I went sailing again because I heard about the World Championship of Blind Match Sailing and realized that sailing for someone like me is possible. I took a lesson on how to sail and it was very overwhelming at first. After working with my instructor, we broke the training down into very small pieces of information. Once we got out of the harbor and onto the lake, the first thing we talked about was how do I learn. With discussion going back and forth we discovered I needed to just start sailing and ask questions as we went along. I was very nervous at first, but thanks to the instructor’s calming attitude, I began to feel comfortable pretty quickly.
After a few tips on a very basic level, we learned we should start with sound. When I heard the main sail start to flutter, I knew to pull the tiller towards me a little to maintain a straight line. Quickly I began to understand the wind and was reacting to the sail as soon as it happened. Eventually I was able to hear the jib flutter, before the main sail, which allowed me to anticipate the movement. By just managing these couple sounds my instructor went silent and allowed me to sail by myself.

In no time at all, I was driving something, a sailboat, all by myself for the first time in 12 years! I felt like I had another chapter of independence, one which I thought I would never have again. I was so inspired, I felt in charge and I thought to myself, “Why not me?”

Hearing about the International blind sailors coming to Sheboygan, I knew I could do this, too. With this inspiration, and I am pleased to say I am receiving sailing lessons and hope to someday be like those sailors who do not see themselves as impaired, rather they all say, “Why not me?”.

Read Sailing Magazine article “Finding Freedom” about this event.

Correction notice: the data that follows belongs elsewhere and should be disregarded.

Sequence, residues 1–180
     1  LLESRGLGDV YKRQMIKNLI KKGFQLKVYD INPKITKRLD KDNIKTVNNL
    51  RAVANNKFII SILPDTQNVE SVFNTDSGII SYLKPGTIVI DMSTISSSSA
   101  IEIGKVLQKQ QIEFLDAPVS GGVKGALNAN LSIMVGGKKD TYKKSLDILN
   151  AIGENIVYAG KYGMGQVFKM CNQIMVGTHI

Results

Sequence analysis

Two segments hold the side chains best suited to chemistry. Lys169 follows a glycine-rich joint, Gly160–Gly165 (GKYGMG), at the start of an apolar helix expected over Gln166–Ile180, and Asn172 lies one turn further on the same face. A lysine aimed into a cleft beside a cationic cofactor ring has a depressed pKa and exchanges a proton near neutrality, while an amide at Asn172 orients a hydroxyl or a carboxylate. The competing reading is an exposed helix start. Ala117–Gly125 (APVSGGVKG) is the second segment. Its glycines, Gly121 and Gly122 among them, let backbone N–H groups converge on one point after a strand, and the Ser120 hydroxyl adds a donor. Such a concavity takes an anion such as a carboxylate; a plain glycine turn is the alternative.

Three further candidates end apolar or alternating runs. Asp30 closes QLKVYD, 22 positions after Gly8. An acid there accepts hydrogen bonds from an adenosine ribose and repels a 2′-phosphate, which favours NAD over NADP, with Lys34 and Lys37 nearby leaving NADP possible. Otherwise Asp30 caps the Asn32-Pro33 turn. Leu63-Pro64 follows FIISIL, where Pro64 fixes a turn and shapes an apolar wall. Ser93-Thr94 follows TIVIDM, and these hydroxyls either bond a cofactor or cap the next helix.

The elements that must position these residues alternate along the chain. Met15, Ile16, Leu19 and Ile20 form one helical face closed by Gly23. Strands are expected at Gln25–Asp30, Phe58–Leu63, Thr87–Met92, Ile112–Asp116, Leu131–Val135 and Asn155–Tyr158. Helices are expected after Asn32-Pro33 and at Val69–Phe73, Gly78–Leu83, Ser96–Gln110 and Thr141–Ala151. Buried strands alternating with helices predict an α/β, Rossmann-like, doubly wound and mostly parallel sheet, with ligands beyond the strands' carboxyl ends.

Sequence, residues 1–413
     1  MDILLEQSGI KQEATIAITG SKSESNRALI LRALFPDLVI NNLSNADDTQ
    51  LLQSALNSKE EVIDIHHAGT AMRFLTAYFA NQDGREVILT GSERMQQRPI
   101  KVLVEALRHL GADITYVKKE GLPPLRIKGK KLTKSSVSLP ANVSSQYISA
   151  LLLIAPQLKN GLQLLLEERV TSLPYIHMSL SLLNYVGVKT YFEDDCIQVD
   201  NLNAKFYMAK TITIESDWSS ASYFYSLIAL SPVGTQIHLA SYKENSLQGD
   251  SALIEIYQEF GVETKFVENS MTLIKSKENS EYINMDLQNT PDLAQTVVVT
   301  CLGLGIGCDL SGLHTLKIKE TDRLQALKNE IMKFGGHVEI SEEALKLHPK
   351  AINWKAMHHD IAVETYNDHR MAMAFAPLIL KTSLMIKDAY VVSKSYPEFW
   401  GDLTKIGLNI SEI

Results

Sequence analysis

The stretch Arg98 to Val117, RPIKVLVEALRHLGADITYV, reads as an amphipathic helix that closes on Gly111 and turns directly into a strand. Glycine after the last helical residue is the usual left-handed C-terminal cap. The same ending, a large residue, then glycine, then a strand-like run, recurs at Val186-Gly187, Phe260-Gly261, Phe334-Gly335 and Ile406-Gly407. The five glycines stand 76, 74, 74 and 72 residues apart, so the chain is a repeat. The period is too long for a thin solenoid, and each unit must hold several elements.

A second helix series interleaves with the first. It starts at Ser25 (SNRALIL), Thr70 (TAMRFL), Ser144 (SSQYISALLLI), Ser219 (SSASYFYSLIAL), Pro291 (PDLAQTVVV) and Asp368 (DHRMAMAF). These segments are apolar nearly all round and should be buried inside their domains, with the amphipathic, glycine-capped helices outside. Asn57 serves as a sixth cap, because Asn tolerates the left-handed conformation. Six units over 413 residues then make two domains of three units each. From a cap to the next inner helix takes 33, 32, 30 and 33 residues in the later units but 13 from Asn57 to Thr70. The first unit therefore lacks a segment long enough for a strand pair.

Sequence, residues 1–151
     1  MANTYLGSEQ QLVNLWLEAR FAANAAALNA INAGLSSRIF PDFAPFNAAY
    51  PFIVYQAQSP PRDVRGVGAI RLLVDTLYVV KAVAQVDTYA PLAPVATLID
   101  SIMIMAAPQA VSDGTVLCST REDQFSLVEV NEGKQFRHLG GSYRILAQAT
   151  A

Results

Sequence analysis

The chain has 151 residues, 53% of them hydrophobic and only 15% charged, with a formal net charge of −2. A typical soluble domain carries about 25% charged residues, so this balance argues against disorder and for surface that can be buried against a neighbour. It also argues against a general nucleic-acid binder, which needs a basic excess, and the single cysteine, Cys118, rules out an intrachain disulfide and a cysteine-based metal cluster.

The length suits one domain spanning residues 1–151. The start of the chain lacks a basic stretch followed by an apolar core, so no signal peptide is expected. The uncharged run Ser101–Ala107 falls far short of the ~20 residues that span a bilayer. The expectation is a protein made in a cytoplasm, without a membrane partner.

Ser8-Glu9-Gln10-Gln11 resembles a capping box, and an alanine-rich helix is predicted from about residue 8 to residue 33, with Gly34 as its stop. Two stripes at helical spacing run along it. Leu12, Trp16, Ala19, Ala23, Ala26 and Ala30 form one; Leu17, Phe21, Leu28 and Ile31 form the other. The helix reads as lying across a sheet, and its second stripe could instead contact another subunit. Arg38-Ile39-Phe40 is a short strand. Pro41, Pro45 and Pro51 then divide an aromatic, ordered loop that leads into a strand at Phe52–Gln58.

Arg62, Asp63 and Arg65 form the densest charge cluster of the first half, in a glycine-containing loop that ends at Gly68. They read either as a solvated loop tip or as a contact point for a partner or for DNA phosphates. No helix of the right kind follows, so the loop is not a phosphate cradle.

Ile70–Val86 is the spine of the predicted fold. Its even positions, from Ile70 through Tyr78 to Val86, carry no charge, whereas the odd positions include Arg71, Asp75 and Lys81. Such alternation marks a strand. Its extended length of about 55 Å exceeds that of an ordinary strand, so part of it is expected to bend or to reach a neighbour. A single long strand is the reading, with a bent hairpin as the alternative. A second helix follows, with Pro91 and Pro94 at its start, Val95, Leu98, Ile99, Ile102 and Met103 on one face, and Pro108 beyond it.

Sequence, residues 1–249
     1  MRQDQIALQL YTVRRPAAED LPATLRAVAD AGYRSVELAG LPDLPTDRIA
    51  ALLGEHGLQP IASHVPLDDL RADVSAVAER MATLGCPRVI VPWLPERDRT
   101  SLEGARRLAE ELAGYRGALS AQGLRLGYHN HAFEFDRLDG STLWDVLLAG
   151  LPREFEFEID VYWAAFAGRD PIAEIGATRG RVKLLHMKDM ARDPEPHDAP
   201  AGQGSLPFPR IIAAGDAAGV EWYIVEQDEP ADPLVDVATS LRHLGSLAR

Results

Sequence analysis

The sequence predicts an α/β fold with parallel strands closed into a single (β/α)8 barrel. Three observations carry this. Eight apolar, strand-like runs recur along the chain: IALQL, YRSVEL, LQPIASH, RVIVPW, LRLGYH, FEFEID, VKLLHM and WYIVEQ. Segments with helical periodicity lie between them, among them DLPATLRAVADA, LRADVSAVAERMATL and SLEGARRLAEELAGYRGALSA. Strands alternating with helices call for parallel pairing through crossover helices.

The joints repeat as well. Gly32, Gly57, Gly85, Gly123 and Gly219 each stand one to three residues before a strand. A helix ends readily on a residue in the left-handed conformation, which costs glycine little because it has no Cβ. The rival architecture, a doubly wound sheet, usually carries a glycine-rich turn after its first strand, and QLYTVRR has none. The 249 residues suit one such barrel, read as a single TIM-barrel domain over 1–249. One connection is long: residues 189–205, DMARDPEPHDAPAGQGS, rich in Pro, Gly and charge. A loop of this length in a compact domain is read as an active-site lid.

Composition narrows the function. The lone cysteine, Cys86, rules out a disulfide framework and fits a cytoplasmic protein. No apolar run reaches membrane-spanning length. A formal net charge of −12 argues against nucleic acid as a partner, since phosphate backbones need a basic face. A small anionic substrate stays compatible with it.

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Sep
8

LCIF Provides Emergency Grants in August 2014

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LCIF logoWhen natural disasters strike, Lions are there to offer help and support. In times of need, Lions are able to rely on disaster relief grants and funds from Lions Clubs International Foundation (LCIF).

In August 2014, LCIF provided 22 emergency grants totaling US$150,000. These grants are helping meet immediate needs in:

Nepal, District 325-A2
$10,000 for landslide relief

India, District 317-C
$5,000 for flood relief

India, District 322-C4
$5,000 for flood relief

India, District 322-C5
$5,000 for flood relief

India, District 318-C
$5,000 for flood relief

Philippines, District 301-D1
$5,000 for typhoon relief

India, District 323-C
$5,000 for flood relief

United States, Arkansas, District 7-I
$10,000 for disaster preparedness

United States, Kansas, District 17-N
$10,000 for disaster preparedness

India, District 317-D
$5,000 for flood relief

Japan, District 335-C
$10,000 for flood relief

Japan, District 336-D
$10,000 for flood relief

Nepal, District 325-B2
$5,000 for flood relief

Bangladesh, District 315-B4
$5,000 for flood relief

India, District 321-B1
$5,000 for flood relief

Japan, District 335-A
$10,000 for flood relief

Thailand, District 310-A2
$10,000 for flood relief

India, District 322-E
$5,000 for flood relief

India, District 318-A
$5,000 for flood relief

Bangladesh, District 315-A1
$5,000 for flood relief

Bangladesh, District 315-B1
$5,000 for flood relief

Republic of Korea, District 355-A
$10,000 for flood relief

* Emergency grants listed by date approved.

At the heart of LCIF’s disaster relief programs are the individuals and families your donations reach. Learn more about grants recently awarded and the LCIF emergency grant program on the LCIF website. Or, you can learn about making a donation to assist with global disaster relief efforts.